False promises to allure poor masses – In the modern materialistic and consumerist world, everyday many new gadgets are coming in the market every-day, which makes the life more comfortable. But for majority of people, it is difficult to afford it. Many a times, it becomes difficult for the poor people or persons with weak minds to resist the temptations. False promises of present day politicians attract such persons easily.

Enlightenment ‘inclusive’ by nature – Enlightenment develops respect for positive attitude, right knowledge and respect for truth and ethical values. It teaches people ‘United we stand, divided we fall’. It inculcates in people an attitude to work for common good, to support each other and move forward together. It guides people to keep their ‘ego’ under control. The only way to control it lies within each human being.

Acceptance for others – Enlightenment tells people to be respectful to others knowledge. Access to knowledge through sound system of education is the basic right of every human being. As Jyotirao Phule has said “Lack of ‘Education’ leads to lack of ‘Wisdom’; which leads to lack of ‘Morals’; which leads to lack of ‘Progress’; which leads to lack of ‘Money’; ‘which leads to ‘Oppression’ of vulnerable classes.”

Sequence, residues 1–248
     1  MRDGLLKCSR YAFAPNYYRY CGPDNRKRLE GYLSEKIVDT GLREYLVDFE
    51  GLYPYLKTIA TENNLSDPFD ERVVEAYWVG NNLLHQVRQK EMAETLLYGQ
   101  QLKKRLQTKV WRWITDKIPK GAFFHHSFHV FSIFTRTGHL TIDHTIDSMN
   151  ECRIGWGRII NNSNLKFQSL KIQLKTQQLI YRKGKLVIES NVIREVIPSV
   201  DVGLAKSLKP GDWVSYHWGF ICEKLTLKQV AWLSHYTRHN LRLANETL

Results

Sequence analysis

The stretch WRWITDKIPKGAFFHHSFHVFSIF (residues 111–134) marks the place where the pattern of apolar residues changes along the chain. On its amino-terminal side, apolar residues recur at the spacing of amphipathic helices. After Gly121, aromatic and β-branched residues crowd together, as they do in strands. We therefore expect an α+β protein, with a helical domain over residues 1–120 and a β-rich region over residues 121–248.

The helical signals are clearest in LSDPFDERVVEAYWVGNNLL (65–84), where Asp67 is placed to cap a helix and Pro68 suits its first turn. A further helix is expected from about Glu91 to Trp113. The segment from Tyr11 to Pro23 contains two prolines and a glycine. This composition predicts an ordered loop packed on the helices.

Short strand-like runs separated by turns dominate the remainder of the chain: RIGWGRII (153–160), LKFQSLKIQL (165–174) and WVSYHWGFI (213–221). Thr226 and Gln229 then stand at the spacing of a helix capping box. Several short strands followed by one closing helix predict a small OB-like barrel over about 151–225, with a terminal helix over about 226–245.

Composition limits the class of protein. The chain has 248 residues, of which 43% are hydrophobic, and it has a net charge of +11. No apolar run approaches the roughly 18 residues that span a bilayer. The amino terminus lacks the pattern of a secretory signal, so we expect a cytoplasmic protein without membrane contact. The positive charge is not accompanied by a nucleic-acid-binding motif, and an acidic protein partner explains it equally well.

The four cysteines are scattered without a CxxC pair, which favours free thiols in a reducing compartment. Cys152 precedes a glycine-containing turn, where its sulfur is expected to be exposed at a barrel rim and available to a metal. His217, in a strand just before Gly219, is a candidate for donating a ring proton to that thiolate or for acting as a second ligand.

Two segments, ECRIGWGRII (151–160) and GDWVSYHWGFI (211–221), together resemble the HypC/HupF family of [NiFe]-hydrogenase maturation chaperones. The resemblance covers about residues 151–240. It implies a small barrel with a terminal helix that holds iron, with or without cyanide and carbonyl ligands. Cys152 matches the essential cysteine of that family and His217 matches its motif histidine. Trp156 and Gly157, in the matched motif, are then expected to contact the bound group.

Conclusion – ‘Enlightenment, not empowerment, is the real source of power’. ‘Enlightenment’ through self-introspect can only lead to sustainable development and true ‘empowerment’, not through extraneous/artificially/superficially imposed measures. Focus on ‘empowerment’ by superficial means quite often leads to negative attitude. ‘Enlightenment’ through right kind of knowledge makes people intelligent, generates positive energies in them and leads to their sustainable development.

Resist temptations? – For making mind strong enough to resist temptations, one has to raise the level of consciousness. Human mind has three dimensions – conscious, sub-conscious and super-conscious mind. Once the conscious mind is regulated, sub-conscious and super-conscious state of mind automatically gets controlled.